This oversize, intricately-illustrated picture book relates the story of Manhattan in a series of maps.
Manhattan: Mapping the Story of an Island by Jennifer Thermes. Abrams, 2019, 64 pages
Reading Level: Picture Book, ages 8-10
Recommended for: ages 8-14
The story begins “millions of years ago” (give or take a few million) at the end of the Ice Age, when a glacier slowly melted over the Northeastern coast. In time people we call the Lanape settled on an island they called Manhanna, meaning “many hills.” A few hundred years later the Dutch staked a claim on it, and the history of New Amsterdam, later New York, began. If you love maps, you‘ll find this birds-eye-view history fascinating, as the little settlement bounded on the east by an actual wall (hence, Wall Street) spreads eastward, establishes a street grid, builds a huge central park, incorporates the surrounding “boroughs,” and becomes one of the world’s great cities. It’s fun to turn the pages of this oversize volume and watch the city grow, though the tone is not entirely celebratory. There’s perhaps an overemphasis on slavery and mistreatment of Indians and immigrants—although yes, in the headlong rush of growth and development, some people get trampled. Also odd—no mention of 9/11, except an acknowledgement of the short life of the World Trade Center. Otherwise it’s a joy, with illustrations reminiscent of Virginia Lee Burton and the D’Aulaires.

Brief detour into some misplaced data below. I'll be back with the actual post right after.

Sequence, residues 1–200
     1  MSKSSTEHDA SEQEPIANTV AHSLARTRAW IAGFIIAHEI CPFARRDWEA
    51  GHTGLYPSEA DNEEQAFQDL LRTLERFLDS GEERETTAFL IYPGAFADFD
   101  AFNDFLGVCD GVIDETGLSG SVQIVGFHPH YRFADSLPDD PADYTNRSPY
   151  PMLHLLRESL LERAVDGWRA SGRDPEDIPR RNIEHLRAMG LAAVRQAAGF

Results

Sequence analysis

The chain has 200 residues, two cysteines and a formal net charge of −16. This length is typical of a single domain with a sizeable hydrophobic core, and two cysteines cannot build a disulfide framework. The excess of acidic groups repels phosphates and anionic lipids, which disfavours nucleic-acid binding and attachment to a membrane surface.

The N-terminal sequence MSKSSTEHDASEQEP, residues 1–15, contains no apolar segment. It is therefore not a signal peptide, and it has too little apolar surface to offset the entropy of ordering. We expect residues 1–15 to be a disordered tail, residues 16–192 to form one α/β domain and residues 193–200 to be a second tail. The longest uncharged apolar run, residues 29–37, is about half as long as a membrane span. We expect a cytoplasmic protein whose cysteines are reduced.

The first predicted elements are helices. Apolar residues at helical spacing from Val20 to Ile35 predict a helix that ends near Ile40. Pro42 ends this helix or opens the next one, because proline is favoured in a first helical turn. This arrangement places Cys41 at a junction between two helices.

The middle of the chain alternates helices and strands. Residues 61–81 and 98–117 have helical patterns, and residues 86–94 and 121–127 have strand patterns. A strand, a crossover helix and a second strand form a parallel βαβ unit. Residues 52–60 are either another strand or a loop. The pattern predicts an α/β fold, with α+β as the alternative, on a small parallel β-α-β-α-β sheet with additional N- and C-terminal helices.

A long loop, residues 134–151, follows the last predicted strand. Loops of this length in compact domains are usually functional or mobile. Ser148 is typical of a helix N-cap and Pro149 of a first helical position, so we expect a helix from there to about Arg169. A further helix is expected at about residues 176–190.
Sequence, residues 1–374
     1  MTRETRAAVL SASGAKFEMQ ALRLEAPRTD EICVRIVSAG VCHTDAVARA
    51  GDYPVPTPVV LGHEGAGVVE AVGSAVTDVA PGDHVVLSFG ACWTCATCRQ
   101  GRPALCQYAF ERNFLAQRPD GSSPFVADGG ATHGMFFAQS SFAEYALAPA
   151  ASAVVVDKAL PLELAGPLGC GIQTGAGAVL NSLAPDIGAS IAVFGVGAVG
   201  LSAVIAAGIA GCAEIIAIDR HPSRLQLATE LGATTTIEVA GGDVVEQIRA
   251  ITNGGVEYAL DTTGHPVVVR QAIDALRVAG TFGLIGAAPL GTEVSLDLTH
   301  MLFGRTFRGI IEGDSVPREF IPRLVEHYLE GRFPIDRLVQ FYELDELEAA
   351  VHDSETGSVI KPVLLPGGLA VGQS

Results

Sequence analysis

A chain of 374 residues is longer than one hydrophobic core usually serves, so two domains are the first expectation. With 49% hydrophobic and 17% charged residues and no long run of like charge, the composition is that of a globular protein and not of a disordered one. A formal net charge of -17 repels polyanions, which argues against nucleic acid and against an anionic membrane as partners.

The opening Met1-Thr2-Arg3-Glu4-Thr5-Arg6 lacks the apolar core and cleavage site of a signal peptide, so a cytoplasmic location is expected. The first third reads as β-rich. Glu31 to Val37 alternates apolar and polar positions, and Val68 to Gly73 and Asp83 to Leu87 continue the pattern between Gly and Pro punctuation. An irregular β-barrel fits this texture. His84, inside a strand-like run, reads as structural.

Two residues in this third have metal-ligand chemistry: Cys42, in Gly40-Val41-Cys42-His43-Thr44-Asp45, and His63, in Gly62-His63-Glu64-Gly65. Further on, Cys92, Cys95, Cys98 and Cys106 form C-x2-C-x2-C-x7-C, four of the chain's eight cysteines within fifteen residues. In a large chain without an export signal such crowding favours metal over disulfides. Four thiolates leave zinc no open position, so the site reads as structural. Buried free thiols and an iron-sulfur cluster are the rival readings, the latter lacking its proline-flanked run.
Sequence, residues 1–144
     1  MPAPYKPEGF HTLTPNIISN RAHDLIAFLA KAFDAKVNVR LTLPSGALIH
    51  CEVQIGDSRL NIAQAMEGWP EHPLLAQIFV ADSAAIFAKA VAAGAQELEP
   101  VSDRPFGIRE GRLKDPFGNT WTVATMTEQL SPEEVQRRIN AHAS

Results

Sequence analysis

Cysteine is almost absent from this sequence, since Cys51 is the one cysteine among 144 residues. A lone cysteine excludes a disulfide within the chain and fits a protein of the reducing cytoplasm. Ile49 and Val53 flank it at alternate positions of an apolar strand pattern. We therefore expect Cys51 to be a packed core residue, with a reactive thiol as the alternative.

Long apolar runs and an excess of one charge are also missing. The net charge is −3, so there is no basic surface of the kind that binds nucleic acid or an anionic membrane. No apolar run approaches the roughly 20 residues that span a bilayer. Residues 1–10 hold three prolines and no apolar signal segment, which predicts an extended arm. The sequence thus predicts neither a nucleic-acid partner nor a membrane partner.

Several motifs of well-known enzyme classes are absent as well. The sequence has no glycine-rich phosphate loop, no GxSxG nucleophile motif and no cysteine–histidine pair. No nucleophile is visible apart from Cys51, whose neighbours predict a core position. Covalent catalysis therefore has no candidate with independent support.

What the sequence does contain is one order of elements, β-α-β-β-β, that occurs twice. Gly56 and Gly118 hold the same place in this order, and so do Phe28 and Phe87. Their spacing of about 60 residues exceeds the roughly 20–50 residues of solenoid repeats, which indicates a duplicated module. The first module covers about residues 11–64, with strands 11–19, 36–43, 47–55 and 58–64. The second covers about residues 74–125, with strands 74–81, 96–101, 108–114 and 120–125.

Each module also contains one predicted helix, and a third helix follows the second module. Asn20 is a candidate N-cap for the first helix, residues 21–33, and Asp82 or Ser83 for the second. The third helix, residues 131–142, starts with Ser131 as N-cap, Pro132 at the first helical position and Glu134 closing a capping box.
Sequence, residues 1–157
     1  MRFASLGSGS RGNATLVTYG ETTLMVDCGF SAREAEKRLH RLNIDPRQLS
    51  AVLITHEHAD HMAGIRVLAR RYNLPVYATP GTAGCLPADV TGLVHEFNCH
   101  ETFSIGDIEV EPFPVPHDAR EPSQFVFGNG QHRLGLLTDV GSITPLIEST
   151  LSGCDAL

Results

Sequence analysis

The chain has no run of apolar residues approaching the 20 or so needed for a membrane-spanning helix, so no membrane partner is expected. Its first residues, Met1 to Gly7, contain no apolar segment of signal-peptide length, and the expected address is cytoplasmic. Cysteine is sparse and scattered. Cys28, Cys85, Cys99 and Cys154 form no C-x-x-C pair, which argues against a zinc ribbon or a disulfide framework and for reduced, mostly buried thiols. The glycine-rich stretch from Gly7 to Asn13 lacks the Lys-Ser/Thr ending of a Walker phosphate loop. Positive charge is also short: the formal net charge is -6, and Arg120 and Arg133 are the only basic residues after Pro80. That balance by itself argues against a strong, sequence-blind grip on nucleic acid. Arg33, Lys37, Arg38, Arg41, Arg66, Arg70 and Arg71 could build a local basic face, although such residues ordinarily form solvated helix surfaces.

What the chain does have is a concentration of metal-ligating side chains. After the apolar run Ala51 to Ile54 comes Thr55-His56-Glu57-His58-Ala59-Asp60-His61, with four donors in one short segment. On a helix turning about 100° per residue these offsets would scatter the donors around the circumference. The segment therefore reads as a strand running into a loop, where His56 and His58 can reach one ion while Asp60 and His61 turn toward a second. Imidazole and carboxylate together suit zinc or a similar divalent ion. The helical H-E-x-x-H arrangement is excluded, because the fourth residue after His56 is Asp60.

Overall Rating: 4.5 (out of 5)
- Worldview/moral value: 3.5
- Artistic value: 5
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